How do CIOs refocus? Transforming IT into a front office line of business focus requires several changes, according to analyst Dion Hinchcliffe:

  • Board sign-off.
  • Platforming the business.
  • Reskilling the IT organization.
  • Adopting digital business models.
  • Cultivating an ecosystem.
  • Continuous change.
  • Becoming data-driven.
  • Revenue as a KPI.

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How Should the IT Structure Support the IT Mission Change?

Three things need change as the IT mission changes, said Seidl:

  1. IT needs to align to better interact with partners or customers in ways that help meet their business needs.
  2. IT needs to to be more flexible with a direction.
  3. IT needs to ensure it doesn't drop the ball on reliability

In this process, Francis said IT needs to transform roles where builders become growers and programmers become analysts. "There needs to be a heavy reliance on partners and team members need to find comfort in chaos (chaos as in change, not institutional nonsense or hustle culture life imbalance).”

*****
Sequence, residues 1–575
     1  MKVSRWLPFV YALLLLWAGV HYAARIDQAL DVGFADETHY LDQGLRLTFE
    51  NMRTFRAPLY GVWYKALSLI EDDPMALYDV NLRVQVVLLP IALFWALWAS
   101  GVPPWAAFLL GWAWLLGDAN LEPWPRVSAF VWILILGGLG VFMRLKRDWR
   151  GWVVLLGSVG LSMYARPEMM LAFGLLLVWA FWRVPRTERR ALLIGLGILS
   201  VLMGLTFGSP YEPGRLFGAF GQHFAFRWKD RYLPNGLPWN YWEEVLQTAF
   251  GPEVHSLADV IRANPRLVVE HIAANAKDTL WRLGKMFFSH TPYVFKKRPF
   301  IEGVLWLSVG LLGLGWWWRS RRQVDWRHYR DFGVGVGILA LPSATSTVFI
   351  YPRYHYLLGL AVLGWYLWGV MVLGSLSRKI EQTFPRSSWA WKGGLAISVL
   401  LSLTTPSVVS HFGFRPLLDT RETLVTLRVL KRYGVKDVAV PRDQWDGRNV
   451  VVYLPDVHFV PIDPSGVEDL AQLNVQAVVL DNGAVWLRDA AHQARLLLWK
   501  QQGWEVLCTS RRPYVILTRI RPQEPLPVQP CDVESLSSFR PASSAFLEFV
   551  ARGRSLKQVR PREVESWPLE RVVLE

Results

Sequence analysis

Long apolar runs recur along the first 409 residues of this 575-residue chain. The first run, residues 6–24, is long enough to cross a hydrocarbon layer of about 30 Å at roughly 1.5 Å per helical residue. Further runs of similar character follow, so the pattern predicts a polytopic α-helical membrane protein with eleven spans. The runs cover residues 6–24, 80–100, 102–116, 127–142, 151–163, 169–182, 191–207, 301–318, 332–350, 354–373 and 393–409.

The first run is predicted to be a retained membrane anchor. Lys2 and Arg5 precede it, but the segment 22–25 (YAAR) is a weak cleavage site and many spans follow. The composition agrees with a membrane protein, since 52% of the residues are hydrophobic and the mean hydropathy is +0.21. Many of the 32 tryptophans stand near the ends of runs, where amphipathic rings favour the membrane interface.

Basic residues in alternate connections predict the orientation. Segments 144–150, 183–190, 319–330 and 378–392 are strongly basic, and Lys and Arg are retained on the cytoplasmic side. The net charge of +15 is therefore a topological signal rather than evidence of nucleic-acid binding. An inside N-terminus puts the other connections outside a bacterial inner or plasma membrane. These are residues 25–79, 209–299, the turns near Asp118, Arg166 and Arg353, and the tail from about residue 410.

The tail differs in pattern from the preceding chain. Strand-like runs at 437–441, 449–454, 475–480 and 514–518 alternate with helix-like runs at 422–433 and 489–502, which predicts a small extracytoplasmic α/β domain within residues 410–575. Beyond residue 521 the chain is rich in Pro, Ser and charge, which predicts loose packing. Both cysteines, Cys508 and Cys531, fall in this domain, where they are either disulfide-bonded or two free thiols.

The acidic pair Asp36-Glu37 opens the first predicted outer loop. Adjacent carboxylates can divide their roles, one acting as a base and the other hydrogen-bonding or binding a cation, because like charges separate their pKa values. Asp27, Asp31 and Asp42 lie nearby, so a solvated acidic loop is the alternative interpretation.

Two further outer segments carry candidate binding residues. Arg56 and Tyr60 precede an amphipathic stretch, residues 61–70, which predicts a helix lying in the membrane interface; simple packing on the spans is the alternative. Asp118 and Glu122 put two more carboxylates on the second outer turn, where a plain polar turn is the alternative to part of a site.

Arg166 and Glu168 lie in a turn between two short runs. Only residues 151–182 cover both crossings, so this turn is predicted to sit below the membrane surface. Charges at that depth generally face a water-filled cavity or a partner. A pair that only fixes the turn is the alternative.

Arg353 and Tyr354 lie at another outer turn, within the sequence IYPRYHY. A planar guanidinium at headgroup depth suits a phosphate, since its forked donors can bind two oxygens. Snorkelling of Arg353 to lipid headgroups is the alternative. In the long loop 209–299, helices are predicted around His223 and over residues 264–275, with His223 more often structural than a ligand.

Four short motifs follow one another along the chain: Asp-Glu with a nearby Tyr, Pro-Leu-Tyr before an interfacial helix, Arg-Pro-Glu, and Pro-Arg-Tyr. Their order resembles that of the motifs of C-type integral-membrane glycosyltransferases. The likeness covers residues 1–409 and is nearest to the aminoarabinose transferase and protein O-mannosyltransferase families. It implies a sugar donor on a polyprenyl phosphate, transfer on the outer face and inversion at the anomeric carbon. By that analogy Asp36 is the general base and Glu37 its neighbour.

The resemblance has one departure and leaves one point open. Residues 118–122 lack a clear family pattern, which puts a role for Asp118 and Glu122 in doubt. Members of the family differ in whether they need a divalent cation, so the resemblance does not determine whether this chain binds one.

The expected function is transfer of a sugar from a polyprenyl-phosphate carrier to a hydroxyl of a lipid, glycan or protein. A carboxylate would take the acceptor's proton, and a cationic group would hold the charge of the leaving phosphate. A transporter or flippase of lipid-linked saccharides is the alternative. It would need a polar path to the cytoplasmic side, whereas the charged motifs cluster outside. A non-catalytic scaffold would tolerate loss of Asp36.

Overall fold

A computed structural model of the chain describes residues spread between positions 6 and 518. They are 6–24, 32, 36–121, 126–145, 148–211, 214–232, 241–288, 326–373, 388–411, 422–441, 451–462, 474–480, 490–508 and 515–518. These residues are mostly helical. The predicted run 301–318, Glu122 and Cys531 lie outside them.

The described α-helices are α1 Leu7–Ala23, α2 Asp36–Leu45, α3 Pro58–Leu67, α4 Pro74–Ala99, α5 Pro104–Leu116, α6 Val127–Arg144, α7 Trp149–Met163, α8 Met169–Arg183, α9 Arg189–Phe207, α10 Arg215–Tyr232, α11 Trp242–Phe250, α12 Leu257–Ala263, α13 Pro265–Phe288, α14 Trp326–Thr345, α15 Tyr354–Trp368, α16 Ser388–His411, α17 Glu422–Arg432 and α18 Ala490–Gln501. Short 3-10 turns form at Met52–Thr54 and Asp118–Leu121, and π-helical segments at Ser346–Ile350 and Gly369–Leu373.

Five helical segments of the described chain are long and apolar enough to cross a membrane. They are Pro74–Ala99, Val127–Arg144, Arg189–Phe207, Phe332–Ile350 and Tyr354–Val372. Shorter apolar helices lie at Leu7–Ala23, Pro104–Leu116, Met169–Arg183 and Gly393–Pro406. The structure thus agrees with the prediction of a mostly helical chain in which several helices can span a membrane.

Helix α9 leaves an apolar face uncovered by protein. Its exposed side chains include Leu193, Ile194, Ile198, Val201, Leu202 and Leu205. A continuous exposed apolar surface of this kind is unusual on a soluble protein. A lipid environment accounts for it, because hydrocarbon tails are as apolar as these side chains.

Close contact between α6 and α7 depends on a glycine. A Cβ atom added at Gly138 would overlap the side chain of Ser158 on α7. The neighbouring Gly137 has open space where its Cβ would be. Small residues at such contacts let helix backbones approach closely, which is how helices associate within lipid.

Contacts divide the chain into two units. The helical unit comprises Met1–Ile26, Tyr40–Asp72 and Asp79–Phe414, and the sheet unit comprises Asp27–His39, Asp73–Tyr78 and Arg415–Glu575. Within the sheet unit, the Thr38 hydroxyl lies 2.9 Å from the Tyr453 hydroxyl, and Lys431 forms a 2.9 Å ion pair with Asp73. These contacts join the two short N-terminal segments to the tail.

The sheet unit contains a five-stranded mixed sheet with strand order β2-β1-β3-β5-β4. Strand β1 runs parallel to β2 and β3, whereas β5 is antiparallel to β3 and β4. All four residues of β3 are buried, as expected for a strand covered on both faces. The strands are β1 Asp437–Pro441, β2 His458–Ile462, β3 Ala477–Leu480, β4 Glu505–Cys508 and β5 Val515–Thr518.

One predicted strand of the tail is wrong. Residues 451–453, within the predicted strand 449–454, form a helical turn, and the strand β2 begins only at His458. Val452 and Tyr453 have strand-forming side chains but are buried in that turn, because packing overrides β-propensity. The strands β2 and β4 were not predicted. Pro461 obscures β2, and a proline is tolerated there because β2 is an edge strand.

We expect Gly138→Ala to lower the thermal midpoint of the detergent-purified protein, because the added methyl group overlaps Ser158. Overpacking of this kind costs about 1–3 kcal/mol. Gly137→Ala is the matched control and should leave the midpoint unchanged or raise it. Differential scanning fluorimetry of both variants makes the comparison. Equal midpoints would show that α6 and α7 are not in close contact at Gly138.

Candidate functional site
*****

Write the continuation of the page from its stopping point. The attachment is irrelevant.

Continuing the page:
CIO Deb Gildersleeve gets even more specific when she said, “What needs to change is fundamentally how IT structures itself. The most important change in the IT structure is for IT to align itself into the business. That alignment better supports digital transformation. There, also, needs to be more support for API development and management specifically for cloud systems.” Young adds on that there should be “less hands-on infrastructure, more solution design and development. There should also be less transactional contracts, but more partner relationship creation and maintenance.”